resampled to 0.27 km s−1so that the results could be compared in a systematic manner. Then, the spectra were fitted with a sin-gle Gaussian profile using theIDLfunctionmpfitfun, after which we plotted the residuals obtained from the fit to confirm whether the line profile hid an additional Gaussian component. For those sources whose profiles showed clear sub-structure, i.e., the resid-uals were larger than 3 sigma rms, a two Gaussian component fit was used instead. Examples of the decomposition procedure are shown in Fig.1. The results of this process, together with the rms and integrated intensity for all lines, are presented in TablesA.1 toA.5in AppendixA.
All HIFI lines are observed in emission, and none of the HIFI spectra present clear infall signatures. Moreover, some CO lines show weak self-absorption features, which are of marginal sig-nificance so will not be discussed further. In addition, extremely high-velocity (EHV) emission features have been identified. The EHV components are knotty structures spaced regularly and as-sociated with shocked material moving at velocities of hundreds of km s−1(e.g.Bachiller et al. 1990). These structures have been detected in the12COJ=10–9 spectra for the low-mass Class 0 sources L1448-MM and BHR 71 (Kristensen et al. 2011;Yıldız et al. 2013). These EHV components were not included in the study of the line profiles, so the residuals were analysed after fitting each of these features with a Gaussian function and sub-tracting them from the initial profile.
The method used for examining the data is similar to the one introduced byKristensen et al.(2010) for several water lines in some of the WISH low-mass YSOs, applied to high-J CO in Yıldız et al.(2010) and extended inKristensen et al.(2012) for the 557 GHz 110–101 water line profiles of the entire low-mass sample. The emission lines are classified as narrow or broad if the full width half maximum (FWHM) of the Gaussian compo-nent is lower or higher than 7.5 km s−1, respectively. This dis-tinction is made because 7.5 km s−1 is the maximum width ob-tained in the single Gaussian fit of the HIFI C18O lines, which is considered as narrow and traces the dense warm quiescent enve-lope material (see Sect.4for further analysis and discussion).
The narrow component identified in the high-JCO isotopo-logue lines is always seen in emission, unlike a component of similar width seen in the 110–101line of water (Kristensen et al. 2012). The narrow components in high-JCO and low-J water probe entirely diﬀerent parts of the protostar: the former traces the quiescent warm envelope material, the latter traces the cold outer envelope and ambient cloud. The broad emission in low-J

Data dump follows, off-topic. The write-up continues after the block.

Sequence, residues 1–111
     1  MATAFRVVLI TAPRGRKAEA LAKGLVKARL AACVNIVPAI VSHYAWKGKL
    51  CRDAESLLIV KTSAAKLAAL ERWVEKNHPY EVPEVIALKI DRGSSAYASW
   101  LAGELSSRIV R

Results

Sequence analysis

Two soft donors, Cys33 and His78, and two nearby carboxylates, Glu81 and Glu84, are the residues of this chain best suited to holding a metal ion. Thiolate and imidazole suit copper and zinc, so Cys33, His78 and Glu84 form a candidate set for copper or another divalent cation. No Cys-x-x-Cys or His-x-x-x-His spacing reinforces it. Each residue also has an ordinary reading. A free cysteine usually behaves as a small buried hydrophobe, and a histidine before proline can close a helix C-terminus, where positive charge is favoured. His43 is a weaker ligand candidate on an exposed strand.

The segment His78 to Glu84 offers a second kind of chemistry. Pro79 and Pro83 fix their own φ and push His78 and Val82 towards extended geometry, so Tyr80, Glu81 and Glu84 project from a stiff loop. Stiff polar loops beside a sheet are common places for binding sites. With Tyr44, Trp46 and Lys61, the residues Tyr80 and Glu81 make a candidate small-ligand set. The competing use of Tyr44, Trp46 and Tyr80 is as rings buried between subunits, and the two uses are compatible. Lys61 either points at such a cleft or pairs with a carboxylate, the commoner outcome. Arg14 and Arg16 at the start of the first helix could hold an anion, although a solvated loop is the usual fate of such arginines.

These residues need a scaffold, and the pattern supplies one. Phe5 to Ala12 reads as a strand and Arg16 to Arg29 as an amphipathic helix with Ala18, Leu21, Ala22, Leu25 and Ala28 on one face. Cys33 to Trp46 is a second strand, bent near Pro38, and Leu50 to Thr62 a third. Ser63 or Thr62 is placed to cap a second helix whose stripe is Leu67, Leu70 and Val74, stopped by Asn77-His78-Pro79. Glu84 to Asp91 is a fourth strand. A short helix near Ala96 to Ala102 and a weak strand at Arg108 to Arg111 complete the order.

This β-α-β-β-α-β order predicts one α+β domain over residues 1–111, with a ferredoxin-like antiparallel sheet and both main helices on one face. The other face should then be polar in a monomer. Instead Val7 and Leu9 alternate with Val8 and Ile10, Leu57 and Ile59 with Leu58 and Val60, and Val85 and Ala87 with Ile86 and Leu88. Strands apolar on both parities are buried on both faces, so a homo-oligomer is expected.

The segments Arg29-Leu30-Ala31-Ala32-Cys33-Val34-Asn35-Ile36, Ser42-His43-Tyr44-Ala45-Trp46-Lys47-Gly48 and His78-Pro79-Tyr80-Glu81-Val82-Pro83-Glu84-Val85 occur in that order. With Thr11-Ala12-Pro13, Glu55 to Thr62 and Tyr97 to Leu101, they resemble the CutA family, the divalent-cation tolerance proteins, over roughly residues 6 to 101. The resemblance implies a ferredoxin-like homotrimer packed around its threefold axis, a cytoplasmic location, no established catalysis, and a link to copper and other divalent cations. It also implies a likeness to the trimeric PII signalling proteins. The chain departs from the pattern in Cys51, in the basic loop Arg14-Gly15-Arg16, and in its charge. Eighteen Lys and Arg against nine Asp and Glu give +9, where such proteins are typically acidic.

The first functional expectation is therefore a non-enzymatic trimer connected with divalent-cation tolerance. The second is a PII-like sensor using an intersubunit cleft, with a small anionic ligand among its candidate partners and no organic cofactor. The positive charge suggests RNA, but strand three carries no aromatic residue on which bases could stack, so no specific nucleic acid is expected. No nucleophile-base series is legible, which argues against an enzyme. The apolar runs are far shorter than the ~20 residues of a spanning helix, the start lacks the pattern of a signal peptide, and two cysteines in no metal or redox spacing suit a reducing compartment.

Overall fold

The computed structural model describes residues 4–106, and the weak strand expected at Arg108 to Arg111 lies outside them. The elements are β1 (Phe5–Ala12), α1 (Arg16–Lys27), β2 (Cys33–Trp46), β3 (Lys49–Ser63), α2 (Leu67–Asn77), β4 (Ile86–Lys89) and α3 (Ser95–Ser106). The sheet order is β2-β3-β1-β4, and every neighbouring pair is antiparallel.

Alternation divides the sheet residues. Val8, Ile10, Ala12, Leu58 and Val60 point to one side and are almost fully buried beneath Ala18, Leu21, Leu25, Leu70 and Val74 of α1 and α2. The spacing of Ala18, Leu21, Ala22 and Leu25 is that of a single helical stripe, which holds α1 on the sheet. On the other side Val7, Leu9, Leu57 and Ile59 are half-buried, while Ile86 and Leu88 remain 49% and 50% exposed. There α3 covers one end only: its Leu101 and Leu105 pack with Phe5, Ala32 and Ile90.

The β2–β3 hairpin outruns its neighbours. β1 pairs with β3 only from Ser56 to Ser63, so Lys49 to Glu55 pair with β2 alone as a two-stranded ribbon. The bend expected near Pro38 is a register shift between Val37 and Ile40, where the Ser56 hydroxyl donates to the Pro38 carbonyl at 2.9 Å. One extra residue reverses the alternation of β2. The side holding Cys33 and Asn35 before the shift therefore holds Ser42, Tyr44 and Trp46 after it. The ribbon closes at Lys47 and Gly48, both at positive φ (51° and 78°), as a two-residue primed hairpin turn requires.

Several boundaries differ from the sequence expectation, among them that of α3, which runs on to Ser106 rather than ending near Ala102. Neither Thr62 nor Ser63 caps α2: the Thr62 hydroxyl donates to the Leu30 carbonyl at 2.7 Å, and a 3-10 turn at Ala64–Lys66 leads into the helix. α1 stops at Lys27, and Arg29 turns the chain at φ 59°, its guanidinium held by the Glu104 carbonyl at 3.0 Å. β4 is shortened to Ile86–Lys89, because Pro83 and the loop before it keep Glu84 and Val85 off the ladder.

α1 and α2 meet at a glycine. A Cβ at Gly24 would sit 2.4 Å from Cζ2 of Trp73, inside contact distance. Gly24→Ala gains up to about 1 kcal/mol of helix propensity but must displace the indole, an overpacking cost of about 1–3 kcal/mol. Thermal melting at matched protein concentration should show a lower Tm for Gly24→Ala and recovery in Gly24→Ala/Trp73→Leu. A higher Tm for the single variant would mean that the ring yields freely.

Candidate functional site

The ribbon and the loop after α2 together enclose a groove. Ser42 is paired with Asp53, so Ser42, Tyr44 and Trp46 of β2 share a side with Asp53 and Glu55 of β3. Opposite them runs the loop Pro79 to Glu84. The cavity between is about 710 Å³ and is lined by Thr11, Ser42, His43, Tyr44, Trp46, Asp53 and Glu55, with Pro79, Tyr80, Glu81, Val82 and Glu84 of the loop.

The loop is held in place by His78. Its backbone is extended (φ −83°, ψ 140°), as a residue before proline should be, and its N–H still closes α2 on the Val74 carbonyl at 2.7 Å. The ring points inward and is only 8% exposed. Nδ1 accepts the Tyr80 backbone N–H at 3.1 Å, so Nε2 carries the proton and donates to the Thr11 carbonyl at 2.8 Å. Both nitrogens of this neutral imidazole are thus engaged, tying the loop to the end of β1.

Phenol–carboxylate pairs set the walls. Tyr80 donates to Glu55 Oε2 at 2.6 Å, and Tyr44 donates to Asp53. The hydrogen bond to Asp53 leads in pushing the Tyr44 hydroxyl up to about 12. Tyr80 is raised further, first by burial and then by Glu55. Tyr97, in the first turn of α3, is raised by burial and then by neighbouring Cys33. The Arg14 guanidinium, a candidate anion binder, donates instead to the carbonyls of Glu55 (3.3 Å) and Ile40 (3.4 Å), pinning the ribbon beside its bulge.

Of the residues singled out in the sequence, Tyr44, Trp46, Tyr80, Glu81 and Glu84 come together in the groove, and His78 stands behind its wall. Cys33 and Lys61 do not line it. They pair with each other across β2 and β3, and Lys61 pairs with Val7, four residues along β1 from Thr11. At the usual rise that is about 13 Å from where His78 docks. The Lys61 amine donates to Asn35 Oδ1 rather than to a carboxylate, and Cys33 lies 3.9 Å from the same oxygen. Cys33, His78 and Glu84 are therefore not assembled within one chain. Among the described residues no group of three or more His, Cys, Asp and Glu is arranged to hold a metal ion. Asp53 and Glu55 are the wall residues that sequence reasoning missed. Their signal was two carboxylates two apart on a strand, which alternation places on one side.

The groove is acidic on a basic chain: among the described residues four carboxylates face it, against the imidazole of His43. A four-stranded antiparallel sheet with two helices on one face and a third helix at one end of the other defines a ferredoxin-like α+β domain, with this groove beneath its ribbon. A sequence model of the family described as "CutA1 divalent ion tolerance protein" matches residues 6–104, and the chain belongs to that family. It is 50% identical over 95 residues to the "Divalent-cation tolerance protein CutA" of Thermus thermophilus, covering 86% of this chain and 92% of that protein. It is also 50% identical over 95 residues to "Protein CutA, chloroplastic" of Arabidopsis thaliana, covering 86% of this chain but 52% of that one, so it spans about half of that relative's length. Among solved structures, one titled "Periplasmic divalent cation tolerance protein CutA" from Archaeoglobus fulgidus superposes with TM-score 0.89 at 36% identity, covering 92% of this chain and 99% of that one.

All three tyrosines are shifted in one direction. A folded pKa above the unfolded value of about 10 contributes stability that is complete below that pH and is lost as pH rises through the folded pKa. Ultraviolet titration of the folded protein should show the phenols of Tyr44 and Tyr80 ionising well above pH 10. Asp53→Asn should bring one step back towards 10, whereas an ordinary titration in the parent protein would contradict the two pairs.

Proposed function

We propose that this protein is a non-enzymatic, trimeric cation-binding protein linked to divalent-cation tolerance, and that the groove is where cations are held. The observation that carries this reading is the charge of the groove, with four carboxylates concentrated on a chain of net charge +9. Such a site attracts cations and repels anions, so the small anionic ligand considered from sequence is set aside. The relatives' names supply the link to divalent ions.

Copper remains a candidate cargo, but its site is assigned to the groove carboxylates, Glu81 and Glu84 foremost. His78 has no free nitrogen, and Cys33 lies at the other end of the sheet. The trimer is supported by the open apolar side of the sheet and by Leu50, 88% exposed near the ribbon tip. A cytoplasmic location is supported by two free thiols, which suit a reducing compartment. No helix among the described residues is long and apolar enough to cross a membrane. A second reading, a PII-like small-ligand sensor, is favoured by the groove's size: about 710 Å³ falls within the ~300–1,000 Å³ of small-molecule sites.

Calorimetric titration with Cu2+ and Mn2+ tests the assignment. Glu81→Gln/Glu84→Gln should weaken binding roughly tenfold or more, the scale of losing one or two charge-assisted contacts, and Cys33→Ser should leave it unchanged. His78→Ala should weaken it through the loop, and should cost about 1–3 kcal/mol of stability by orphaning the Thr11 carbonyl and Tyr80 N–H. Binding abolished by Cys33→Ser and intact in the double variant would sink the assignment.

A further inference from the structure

CO is typically narrower than in water and traces entrained out-flow material. Only the highest-Jlines observed by HIFI trace
the same warm shocked gas as seen in the water lines (Yıldız et al. 2013). To summarise, the components identified in the CO and isotopologue data cannot be directly compared to those ob-served in the H2O 110–101lines because the physical and chem-ical conditions probed by water are diﬀerent to those probed by CO (seeSantangelo et al. 2012;Vasta et al. 2012).
In the analysis of the JCMT data, the FWHM of the broad velocity component for the complex12COJ=3–2 line profiles was disentangled by masking the narrower emission and self-absorption features in each spectrum. The width of the narrow C18O J = 3–2 lines was constrained by fitting these profiles with a single Gaussian. The results of these fits are presented in TableB.1in AppendixB.
One of the aims of this paper is to characterise how the observed emission lines compare as a function of source luminosity. To simplify the comparison across the studied mass range, the main properties and parameters of the HIFI and JCMT lines, such as line morphology, total intensity and kinetic temperature, are pre-sented in this section. A more detailed description of the line profiles is reserved for AppendicesAandB. FiguresA.1toA.5 show the HIFI spectra and Figs.B.4andB.5the JCMT data.
Further study and analysis of each sub-sample will be pre-sented in several forthcoming papers. The CO lines for the low-mass sources and their excitation will be discussed by Yıldız et al.(2013). A review of the intermediate-mass sources focused on the water lines will be performed by McCoey (in prep.) In the case of high-mass YSOs, low-JH2O line profiles will be studied in detail byvan der Tak et al.(2013).
In this manuscript a summary with the main characteristics of the studied emission line profiles is presented in Sect.3.1. Section3.2describes the calculation of the line luminosity,LCO, for each observed isotopologue, together with its correlation withLbol. Finally, in Sect.3.3, an estimation of the kinetic tem-perature is obtained for two sources, an intermediate-mass and a high-mass YSO, and compared with values obtained for low-mass sources.
3.1. Characterisation of the line profiles
Fig. 1.Gaussian decomposition for the CO and isotopologues line profiles:a)two Gaussian fit for the line profiles with two diﬀerent velocity components identified, such as the12COJ=10–9 spectra for the low-mass YSOs Ser SMM3 (left), the intermediate-mass Vela 19 (centre) and the 13COJ =10–9 spectrum of the high-mass W33A (right).b)Single Gaussian fit of sources characterised by one component profile, such as the C18OJ=9–8 spectra of W33A. The red lines show the Gaussian fits and the green lines the baseline.